Cassie Blake is distraught when her mother decides to uproot to the small town of New Salem in order to take care of a grandmother who Cassie had never even met before. But that is only the start of her problems. Starting a new school, trying to make new friends — and discovering that some of the people she would most like to befriend are all part of some secret Club that Cassie is not permitted to join. Then a girl dies and Cassie is finally initiated into the Secret Circle, learning that magic is more than just a folktale.
These days the YA market is flooded with paranormal activity — witches amongst them. But in 1992 when LJ Smith first wrote The Secret Circle trilogy it was something fresh and new — and should be reviewed with that in mind. LJ Smith was producing well-written compulsive novels about teenagers in love LONG before Edward Cullen was even a glint in Stephenie Meyer‘s eye.
The opening book of The Secret Circle reads at a breakneck speed. Smith does not linger on too many opening details, just sets the scene so that Cassie is placed in New Salem ready for the main action to begin. This, as far as I am concerned, is a positive because Cassie’s life prior to her move is not of interest and therefore need not be lovingly expanded.
The biggest strength of Smith’s writing is the characters. Here she handles a main cast of twelve with some peripheral characters who will play a further role in the subsequent two novels. To sufficiently flesh them out and give them strong characteristics that ensure you want to read more about them in such a slight novel (my edition is only 287 pages) takes real skill. And her physical descriptions are just wonderful:
It occurred to her, quite incidentally, that these were probably the three most beautiful girls she’d ever seen. It wasn’t just that each had perfect skin, free of the slightest trace of teenage blemishes. It wasn’t their gorgeous hair: Deborah’s dark disordered curls, Faye’s pitch-black mane, and Suzan’s cloud of reddish gold. It wasn’t even the way they set each other off, each one’s distinctive type enhancing the others’ instead of detracting from them. It was something else… A kind of confidence and self-possession… An inner strength, an energy…
Cassie is a very strong main character — by her own admission, she is shy and not very outgoing. However, these traits never become the absolute focus of Cassie — rather, they are just a part of who she is. She has massive potential for growth and character development which I am looking forward to exploring in future novels. In fact, most of the characters feel very real — they have foibles, and both good and bad qualities. The Henderson brothers and Sean suffer a little in The Initiation from not gaining much ‘screen time,’ but this will be remedied later.
I also love the innocence of the romance — this is definitely early 90s YA. Kissing is as far as these teens are prepared to go, and I for one love this. In more recently published YA there is often far too much focus on young girls going further than they perhaps should, and The Initiation harks back to a more chaste time.
The only real problem with The Initiation is that it is very much the opening book in a trilogy, so we are really only getting to know the characters and touching on the main gist of the plot, which will be fleshed out in The Captive.
Anyone who has come to the YA paranormal romance genre recently should definitely check out this opening novel in a classic trilogy. I adore all three books beyond reason and very nostalgically. LJ Smith has a fine ability to write characters you will end up caring deeply about, and her prose is magnificent. Highly recommended.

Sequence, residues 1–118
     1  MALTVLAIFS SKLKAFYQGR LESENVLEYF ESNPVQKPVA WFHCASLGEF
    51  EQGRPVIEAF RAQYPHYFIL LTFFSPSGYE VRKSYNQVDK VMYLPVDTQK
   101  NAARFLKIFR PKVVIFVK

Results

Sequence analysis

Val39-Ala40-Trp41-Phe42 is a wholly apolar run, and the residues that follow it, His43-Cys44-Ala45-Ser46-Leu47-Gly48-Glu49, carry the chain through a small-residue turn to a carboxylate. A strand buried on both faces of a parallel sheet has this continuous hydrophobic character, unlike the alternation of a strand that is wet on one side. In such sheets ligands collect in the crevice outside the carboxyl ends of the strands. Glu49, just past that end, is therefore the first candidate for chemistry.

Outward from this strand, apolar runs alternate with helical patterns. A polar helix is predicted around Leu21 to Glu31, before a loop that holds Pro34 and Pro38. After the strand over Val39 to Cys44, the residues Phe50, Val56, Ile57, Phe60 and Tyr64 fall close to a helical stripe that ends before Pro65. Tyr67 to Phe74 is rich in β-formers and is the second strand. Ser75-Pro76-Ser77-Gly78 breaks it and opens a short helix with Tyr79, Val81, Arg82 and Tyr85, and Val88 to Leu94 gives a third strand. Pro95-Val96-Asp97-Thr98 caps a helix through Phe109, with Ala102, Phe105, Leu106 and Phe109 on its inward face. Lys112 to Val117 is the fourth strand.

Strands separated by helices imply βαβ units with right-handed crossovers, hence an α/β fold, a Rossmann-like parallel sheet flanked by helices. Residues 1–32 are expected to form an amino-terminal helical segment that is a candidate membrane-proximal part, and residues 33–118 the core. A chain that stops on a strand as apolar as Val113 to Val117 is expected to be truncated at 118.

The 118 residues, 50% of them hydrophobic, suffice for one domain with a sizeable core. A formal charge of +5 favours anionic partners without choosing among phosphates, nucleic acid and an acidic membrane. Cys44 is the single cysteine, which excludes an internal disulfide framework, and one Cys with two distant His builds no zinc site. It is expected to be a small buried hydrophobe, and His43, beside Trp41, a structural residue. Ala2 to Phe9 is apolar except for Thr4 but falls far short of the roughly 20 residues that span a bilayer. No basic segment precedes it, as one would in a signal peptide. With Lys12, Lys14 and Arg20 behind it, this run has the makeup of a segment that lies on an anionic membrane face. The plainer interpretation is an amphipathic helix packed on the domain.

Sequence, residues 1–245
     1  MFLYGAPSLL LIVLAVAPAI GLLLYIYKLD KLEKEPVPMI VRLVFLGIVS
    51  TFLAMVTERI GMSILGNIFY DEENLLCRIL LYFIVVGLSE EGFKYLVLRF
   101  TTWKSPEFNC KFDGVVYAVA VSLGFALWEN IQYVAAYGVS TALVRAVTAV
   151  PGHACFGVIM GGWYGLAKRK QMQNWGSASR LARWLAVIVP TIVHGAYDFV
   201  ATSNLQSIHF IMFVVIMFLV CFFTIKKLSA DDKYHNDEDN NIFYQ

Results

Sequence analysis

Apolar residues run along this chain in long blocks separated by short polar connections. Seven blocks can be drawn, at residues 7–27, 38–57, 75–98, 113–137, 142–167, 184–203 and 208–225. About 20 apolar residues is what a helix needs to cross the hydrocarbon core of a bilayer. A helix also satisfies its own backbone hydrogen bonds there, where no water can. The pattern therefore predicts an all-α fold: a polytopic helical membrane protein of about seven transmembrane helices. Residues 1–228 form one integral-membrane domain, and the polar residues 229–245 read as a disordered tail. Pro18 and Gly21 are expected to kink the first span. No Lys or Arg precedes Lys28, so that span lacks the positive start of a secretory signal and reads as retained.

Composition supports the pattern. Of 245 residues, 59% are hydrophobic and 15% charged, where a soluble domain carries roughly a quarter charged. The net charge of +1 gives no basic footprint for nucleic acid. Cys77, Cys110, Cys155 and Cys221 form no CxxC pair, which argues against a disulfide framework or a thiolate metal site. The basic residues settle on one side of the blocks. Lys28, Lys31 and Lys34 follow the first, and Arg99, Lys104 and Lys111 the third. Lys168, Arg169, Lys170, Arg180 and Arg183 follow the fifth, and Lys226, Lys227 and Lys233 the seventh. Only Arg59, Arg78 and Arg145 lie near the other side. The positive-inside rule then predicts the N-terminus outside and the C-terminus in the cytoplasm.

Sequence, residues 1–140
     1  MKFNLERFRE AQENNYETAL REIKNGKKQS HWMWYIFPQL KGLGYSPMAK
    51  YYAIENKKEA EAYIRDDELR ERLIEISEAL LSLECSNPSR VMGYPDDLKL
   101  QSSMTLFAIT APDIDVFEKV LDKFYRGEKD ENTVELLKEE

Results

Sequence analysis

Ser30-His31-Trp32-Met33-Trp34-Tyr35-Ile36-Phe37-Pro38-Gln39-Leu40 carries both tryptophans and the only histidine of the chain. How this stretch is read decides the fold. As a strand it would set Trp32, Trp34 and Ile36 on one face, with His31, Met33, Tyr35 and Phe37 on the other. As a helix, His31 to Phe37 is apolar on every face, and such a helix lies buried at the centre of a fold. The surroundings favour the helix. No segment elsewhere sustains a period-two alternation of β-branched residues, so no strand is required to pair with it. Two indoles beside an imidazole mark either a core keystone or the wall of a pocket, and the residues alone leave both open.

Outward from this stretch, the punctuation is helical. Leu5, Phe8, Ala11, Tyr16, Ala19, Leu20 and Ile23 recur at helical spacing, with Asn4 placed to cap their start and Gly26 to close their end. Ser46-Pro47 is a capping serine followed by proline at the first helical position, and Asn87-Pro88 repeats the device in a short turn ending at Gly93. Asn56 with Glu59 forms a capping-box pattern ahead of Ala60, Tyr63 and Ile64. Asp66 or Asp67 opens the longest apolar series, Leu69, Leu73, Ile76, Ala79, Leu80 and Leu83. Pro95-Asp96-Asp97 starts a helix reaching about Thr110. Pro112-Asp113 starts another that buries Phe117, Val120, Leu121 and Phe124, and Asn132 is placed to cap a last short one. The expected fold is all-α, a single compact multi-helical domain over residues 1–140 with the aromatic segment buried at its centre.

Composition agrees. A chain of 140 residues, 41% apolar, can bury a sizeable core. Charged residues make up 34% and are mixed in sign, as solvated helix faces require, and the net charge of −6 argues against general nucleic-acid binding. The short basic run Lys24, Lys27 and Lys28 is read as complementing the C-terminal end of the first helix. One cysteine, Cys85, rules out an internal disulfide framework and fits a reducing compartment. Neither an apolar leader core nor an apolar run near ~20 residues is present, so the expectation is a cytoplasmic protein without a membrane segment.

It’s the summer before Cassie’s junior year in high school, and her mother abruptly decides to move to New Salem, Massachusetts, to care for Cassie’s grandmother. At first, Cassie hates her grandmother’s forbidding old house, not to mention her new school, where a clique of mean girls torment her.
Things start looking up, though, when beautiful, popular Diana takes Cassie under her wing. Cassie is unable to get into Diana’s inner circle, though — until another girl dies, leaving a vacancy, and suddenly Cassie is initiated into what turns out to be a coven of witches. They have to have twelve members, it turns out, to fully access their power.
Some of the witches use their magic to help and heal people. Others, though, use their power to bully and manipulate. It seems that they really only socialize together because that’s the only way they can have a group of twelve, and each side figures it can sway the other in the end.
The plot unfolds at a rapid pace, as do emotional developments (Cassie falls in love with a boy based on one brief meeting, and puts her absolute trust in Diana almost as quickly). This is both a strength and a weakness. The book flies by; it’s only 287 pages (YA novels weren’t doorstoppers in those pre-HARRY POTTER days) but feels even shorter. For an adult reader, though, much of the emotional stuff lacks depth. One exception is L.J. Smith’s depiction of the way Cassie is ostracized early in the novel, which rings all too true.
As Amanda mentioned, The Initiation was more original in its own time than it feels now. (The Craft wasn’t even out yet.) To fully enjoy it, it’s best to put your mind back into that early-nineties space and compare it to other books from that era, both in plot and in writing style. It’s a quick, entertaining read.
The Secret Circle — (1992) Young adult. Omnibus editions available. Publisher: Seduced by the Secret Circle, a coven of young witches whose power has controlled New Salem for three hundred years, Cassie falls hopelessly in love with the leader’s boyfriend and falls prey to dark powers.